Thyroid cancer is classified firstly into differentiated types or undifferentiated (also called anaplastic) carcinomas, secondly there is group of medullary carcinomas and lastly there are the lymphomas. Differentiated carcinoma is so-called because the cancer looks (down the microscope) like the thyroid gland tissue from which it has derived.
There are two types: the commoner papillary type (60% of all thyroid cancer) and the follicular type (17% of the total). The importance of distinguishing the diffentiated histology is that these are the types of thyroid cancer which retain the ability to concentrate iodine. If the iodine is made into a radioactive iodine isotope, then this radio-iodine is a tumour specific lethal weapon. It is the differentiated types of thyroid cancer that form the majority of cancers of this gland and correct management is attended by high cure rates.
Anaplastic or undifferentiated carcinomas of the thyroid retain little of the features of the original thyroid gland as discerned down the microscope. They tend to be faster growing and metastasising (spreading to other tissues) and have a worse outlook overall; furthermore, they do not concentrate iodine and so the radio-iodine option has no role in their management.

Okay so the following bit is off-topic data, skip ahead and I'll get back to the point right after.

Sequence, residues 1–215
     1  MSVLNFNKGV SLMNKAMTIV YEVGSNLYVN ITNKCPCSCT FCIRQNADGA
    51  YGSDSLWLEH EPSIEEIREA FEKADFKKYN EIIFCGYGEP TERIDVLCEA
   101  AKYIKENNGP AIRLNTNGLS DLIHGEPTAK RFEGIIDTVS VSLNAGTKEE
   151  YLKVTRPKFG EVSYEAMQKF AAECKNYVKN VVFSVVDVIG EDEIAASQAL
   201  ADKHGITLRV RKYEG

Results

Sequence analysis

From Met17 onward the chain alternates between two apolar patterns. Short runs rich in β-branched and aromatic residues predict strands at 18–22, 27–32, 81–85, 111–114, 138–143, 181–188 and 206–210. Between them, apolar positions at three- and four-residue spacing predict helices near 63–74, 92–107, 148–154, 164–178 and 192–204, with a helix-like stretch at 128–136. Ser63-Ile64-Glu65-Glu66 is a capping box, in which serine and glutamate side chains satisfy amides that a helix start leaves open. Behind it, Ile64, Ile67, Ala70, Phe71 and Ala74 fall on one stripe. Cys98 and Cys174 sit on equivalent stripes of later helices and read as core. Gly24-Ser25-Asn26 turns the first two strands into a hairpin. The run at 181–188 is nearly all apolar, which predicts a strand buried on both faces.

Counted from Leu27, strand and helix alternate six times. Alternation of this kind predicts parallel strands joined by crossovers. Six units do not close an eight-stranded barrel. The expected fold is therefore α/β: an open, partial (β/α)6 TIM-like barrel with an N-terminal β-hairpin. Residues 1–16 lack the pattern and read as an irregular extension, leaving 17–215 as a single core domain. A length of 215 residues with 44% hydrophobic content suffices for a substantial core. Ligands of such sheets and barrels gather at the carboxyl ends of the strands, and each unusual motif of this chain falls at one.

Medullary carcinoma of the thyroid is an unusual type of thyroid carcinoma completely unrelated to the other types. It is derived from the so-called C-cells which normally produce the calcium lowering hormone (calcitonin). If allowed to metastasise, it carries a bad outlook.
Thyroid lymphoma is almost invariably a high grade B cell lymphoma with a tendency to spread to other parts of the lymphoid system and bone marrow (see lymphoma section) a lower grade B cell MALT lymphoma, which has a lower tendency to spread outside the thyroid gland.